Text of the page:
Why Polish conservatives should be optimistic despite a Tusk-run liberal government

By Grzegorz Adamczyk
5 Min Read

The parliamentary elections are behind us, but their outcomes and the distribution of seats in the next Sejm are not without issues for the opposition, which is made up of Civic Coalition, Third Way, and New Left. It is almost certain that the opposition may have a parliamentary majority and can form a new government. If the election winner, Law and Justice (PiS) fails in the mission to form a government, and it is highly likely, then the opposition will be entrusted with this mission.

The problem is that none of the parties promising to form a ruling coalition won the Oct. 15 elections.

The winner was Law and Justice (PiS). In free Poland, this situation occurred only once, in 1991, after the first free elections after 1945. And then the government of Jan Olszewski was a minority from the beginning and lasted the shortest time in the history of the Third Republic — just over half a year.

Apart from Jan Olszewski’s government, no other government in the history of the Third Republic was formed (designating a prime minister for the first time) by a party that did not win the elections. This is not only of psychological significance but also shows a certain weakness at the start of a new term.

The current government is now being formed by the losers, not the winner.

Even if they can form a majority in the Sejm, there is a certain psychological element of being defeated, especially since Donald Tusk returned from Brussels to Polish politics in July 2021 to win — to erase the stigma of being a loser. Now, over two years later, he was defeated again.

During the election night, Tusk swore that he “had never been so happy about this second place,” but it does not change the fact that he lost the elections when he was supposed to win. So, it’s not a “pretend” second place, it’s a very real second place.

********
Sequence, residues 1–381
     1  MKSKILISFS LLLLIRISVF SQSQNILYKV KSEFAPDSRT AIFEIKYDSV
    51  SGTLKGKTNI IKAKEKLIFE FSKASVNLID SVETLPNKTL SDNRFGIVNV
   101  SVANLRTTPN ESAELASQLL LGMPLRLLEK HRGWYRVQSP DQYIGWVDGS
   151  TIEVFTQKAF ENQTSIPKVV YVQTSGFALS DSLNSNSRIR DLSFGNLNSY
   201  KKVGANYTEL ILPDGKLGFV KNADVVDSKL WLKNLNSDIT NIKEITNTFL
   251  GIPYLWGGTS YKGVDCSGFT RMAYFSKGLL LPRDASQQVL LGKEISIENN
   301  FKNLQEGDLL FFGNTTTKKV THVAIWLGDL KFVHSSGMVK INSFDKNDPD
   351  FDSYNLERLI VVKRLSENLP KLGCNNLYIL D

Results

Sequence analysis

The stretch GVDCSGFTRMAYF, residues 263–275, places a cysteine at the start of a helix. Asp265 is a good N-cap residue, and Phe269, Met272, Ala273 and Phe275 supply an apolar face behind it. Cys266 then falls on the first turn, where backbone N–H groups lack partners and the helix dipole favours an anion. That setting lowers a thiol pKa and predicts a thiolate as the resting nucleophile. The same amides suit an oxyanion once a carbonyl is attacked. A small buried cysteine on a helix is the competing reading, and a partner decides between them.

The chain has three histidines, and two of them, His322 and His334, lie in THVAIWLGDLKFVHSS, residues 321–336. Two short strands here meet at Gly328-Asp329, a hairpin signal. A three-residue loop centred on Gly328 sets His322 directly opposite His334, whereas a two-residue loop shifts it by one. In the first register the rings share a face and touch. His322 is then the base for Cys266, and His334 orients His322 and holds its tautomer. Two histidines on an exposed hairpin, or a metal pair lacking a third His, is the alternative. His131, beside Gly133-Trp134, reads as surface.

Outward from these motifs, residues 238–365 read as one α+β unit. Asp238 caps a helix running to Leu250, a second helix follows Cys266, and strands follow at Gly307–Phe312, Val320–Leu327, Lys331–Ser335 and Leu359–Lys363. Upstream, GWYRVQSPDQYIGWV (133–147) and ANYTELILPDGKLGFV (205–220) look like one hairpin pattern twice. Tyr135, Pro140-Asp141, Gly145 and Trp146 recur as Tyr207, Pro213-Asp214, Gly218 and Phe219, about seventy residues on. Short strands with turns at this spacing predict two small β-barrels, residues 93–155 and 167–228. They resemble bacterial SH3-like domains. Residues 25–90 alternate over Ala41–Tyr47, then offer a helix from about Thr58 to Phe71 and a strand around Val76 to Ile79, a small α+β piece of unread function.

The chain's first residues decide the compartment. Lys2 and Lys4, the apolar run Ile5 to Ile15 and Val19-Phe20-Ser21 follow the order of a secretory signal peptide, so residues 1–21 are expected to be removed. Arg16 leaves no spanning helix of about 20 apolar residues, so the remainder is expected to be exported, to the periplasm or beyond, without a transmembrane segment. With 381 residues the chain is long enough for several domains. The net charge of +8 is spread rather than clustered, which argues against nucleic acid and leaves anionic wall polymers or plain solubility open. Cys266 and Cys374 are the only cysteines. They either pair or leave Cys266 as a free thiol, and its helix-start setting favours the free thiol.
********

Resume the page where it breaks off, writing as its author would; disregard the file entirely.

Essentially, Władysław Kosiniak-Kamysz and Szymon Hołownia won the elections, although their Third Way is only in third place on the podium. Thanks to them, there wasn’t a single list and such a defeat that would prevent the opposition from forming a parliamentary majority. So, the Third Way saved Tusk, even though Tusk’s party got significantly more seats. This gives the Third Way a strong negotiating mandate in forming the new government, including its leader.

As important as the fact that the parties that can form a Sejm majority didn’t win the election is the fact that never in the Third Republic was there such a strong opposition party as PiS (a block of various parties is not the same) –  almost 200 seats in the Sejm in the hands of a single opposition party is a force that no parliamentary majority has confronted before.

You can have a significant majority in the Sejm and have problems with a very strong opposition, especially given the way laws are passed in Poland. Even if the opposition manages to form a government and maintains a parliamentary majority, it won’t be a three-fifths majority (276 seats), which would help them overcome a presidential veto.

The losing winner, PiS, is no reason for triumphalism and an announcement of omnipotence. On the other hand, creating the strongest opposition (when it comes to a single party) in the history of the Third Polish Republic, is no reason for mourning either.

Instead, it is an invitation to act in such a way that you remain in opposition for as short a time as possible and do as much during that time to make the ruling party feel that they didn’t actually win the election, even if they were able to form a majority. Voters must also be pushed to realize this and correct their preferences at the next opportunity.

Share This Article